Answering the question “Why is Trinidad and Tobago poor?” requires a more convoluted response than expected. The nation of Trinidad and Tobago is undoubtedly one of the wealthiest countries in the Caribbean despite its deeply embedded economic flaws. While the country has made impressive progress by developing social programs to help the vulnerable, nurturing new businesses to encourage private sector growth and eradicating the gender-wage gap must be near the top of Trinidad and Tobago’s priorities for there to be long-term economic improvement.

Akhil Reddy

Photo: Flickr

Help People in Trinidad and Tobago

Trinidad and Tobago, a country in the Caribbean known for its beauty, vibrancy and historically inclusive nature, is unfortunately also home to many people living in poverty. As of 2013, approximately 35.1 percent of the population lived below the poverty line. Such poverty leads almost inevitably to political strife, violence, and, in the specific case of Trinidad and Tobago, the entrance of ISIS into the lives of its citizens. With this in mind, here are a few small ways to help people in Trinidad and Tobago escape this cycle of poverty and violence:

  1. Help provide food. A teacher would likely confirm that a student who comes to school hungry will not be able to concentrate on their lessons. Likewise, it is incredibly difficult to help a poor population without first providing them with food. Food for the Poor has been incredibly helpful in this regard, sending healthy meals to families in Trinidad and Tobago, along with basic hygiene products, products for community development and even school supplies.
  2. Build houses. The Ministry of Housing in Trinidad and Tobago estimates that about 19 percent of the population lives in informal settlements rather than actual houses. Many people are on an incredibly long wait list for government housing and may have to wait 25 years before a house is available. Because of this increasing demand for housing – due to population growth and income equality – building more affordable housing is crucial. Along with providing food, Food for the Poor has also been instrumental in providing housing to poor families in Trinidad and Tobago, as has Habitat for Humanity. Both organizations greatly appreciate help, both in the form of donations and in the form of volunteer work.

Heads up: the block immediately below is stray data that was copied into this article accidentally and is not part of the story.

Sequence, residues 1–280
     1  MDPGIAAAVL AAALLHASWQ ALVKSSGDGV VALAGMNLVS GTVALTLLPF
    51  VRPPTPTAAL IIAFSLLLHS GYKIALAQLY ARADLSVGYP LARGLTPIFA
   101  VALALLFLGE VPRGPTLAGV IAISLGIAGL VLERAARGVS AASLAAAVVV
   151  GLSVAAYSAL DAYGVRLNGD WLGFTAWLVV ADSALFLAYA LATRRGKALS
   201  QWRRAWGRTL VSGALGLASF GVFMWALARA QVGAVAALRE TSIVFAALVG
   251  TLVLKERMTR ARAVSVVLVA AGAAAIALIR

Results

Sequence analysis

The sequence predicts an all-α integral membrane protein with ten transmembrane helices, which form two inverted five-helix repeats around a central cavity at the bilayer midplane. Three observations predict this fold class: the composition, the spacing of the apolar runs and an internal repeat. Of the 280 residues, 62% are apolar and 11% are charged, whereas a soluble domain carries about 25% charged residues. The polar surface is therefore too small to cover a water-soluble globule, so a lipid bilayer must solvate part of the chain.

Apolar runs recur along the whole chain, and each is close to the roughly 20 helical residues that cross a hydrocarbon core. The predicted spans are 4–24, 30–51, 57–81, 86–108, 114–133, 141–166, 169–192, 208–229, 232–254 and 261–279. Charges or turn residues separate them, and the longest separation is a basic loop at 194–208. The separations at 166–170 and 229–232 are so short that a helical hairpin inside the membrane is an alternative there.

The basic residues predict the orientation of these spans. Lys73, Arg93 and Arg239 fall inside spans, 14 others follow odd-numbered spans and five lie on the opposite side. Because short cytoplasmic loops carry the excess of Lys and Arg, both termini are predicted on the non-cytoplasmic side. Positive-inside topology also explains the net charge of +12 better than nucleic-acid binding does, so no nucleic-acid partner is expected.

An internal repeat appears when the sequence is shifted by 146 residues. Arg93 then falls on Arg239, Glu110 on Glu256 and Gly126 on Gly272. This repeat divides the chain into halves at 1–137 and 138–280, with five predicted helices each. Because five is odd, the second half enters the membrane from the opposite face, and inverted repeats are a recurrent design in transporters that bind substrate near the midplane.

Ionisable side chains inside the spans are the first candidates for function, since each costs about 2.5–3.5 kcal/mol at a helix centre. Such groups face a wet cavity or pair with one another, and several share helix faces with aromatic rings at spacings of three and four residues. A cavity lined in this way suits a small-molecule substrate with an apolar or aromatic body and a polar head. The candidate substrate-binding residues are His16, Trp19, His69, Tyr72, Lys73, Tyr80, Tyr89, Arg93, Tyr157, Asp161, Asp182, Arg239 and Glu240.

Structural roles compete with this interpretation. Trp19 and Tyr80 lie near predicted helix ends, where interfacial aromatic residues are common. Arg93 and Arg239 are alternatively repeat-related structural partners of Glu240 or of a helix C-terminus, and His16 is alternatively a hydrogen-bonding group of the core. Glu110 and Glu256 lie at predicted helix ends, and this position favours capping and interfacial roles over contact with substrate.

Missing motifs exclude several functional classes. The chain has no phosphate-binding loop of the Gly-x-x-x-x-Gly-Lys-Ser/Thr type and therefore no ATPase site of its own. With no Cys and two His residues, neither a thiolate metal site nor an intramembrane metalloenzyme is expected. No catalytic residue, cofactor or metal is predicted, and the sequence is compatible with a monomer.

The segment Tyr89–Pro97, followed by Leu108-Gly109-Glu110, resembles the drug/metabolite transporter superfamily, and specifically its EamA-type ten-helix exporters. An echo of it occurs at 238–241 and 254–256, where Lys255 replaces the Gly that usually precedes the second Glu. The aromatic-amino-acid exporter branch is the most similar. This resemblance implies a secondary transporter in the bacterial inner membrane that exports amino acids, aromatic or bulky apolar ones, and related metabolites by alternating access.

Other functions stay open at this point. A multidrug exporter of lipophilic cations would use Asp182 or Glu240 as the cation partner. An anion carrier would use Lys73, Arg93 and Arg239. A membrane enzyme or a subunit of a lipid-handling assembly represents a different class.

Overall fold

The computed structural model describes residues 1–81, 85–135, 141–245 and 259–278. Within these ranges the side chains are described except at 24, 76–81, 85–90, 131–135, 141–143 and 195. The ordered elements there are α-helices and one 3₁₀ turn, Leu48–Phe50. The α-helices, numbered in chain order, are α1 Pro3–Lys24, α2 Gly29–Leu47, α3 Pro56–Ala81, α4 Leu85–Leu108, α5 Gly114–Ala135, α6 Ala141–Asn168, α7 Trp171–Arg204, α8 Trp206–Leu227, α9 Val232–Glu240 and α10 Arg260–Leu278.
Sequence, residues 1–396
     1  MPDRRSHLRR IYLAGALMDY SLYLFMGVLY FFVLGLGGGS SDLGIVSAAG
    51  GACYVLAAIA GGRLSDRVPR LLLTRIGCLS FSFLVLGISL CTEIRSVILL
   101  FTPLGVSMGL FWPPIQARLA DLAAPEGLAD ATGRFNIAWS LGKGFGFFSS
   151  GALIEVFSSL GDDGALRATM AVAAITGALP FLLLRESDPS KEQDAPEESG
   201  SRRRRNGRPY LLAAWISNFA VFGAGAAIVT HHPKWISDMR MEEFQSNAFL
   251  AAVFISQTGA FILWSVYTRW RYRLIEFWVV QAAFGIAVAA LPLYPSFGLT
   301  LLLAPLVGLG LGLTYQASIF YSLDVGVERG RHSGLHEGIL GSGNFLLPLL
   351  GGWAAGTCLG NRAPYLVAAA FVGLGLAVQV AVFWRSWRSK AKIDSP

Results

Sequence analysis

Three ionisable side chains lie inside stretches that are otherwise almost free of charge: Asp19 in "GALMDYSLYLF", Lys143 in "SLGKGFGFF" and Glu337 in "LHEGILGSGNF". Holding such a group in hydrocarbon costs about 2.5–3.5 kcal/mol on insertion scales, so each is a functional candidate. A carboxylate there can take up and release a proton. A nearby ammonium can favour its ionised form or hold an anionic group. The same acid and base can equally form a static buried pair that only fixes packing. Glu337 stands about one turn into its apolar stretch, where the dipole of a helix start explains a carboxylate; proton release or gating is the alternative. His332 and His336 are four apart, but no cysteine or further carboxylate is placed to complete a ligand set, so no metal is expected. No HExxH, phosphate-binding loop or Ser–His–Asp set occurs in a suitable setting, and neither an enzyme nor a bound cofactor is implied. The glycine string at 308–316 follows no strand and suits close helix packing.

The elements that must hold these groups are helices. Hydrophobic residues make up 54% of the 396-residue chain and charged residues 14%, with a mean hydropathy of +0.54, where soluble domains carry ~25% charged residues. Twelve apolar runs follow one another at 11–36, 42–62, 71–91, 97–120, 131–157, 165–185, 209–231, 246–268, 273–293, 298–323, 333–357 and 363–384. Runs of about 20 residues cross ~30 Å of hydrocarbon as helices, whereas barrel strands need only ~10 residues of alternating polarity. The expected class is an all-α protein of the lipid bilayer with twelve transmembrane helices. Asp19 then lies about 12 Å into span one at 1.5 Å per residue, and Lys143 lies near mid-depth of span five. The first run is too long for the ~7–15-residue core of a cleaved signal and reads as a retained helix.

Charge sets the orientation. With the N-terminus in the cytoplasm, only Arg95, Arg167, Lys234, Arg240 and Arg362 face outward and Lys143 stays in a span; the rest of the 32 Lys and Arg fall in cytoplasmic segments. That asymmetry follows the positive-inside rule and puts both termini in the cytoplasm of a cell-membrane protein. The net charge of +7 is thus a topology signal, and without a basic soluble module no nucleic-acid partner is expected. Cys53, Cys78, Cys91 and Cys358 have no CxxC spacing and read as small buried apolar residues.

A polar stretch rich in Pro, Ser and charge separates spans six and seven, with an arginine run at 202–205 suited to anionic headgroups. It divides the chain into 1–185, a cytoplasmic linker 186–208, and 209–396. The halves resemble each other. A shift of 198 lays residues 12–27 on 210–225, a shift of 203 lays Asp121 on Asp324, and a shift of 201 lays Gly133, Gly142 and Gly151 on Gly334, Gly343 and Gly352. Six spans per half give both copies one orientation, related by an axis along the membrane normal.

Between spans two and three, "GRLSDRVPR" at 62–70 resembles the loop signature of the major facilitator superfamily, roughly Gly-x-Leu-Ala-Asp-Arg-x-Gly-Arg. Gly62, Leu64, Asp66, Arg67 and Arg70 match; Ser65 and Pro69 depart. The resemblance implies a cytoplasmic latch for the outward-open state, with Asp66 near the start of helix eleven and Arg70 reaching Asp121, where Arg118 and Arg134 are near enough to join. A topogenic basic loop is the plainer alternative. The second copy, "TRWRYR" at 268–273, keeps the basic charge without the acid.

3. Support education and vocational training. As farming is incredibly important to the country’s economy, many people have found that they are able to greatly increase their income by learning new farming techniques, including how to maximize efficiency in their land area and which particular crops to grow. The Caroni Central Farmers’ Market has run with this idea, encouraging people to grow quality crops and, more importantly, teaching them how to make a good living out of it.

While it is always important to help countries in need, helping people in Trinidad and Tobago has a particular significance right now, as more and more young men are being recruited into ISIS. In fact, the country has become a breeding ground for extremism in the Caribbean. This is, in part, due to poverty and the fact that many young people see very few opportunities for their future (especially with the country’s economy on a steady decline), making them easy targets for extremist recruitment. While this is a problem with no one simple solution, the government of Trinidad and Tobago has been slowly trying to prevent the influence of ISIS by introducing new amendments which would criminalize membership in the Islamic State or any extremist organization.

Still, it is clear that the root of this problem is poverty and helplessness, both of which can be alleviated by providing food, housing, education and generally letting people in Trinidad and Tobago know that people care about them. While it may not fix everything, it will be a small way to help people in Trinidad and Tobago and, hopefully, begin to lift them out of poverty.

Audrey Palzkill

Photo: Flickr

Common Diseases in Trinidad and Tobago
The Republic of Trinidad and Tobago is a twin island country bordering the Caribbean. Trinidad and Tobago is the third richest country by GDP in the Americas. As a developed country, the most common diseases in Trinidad and Tobago are noncommunicable diseases (NCDs), medical conditions not caused by infectious agents.

Heart Disease
Heart disease is the leading cause of death in Trinidad and Tobago, accounting for 32 percent of all deaths in 2014.

Uncontrolled hypertension (high blood pressure) is the main cause of heart attack and stroke and can also lead to blindness, kidney failure and other health problems. The prevalence of hypertension in Trinidad and Tobago is high; approximately 29.8 percent of males and 23.1 percent of females are affected.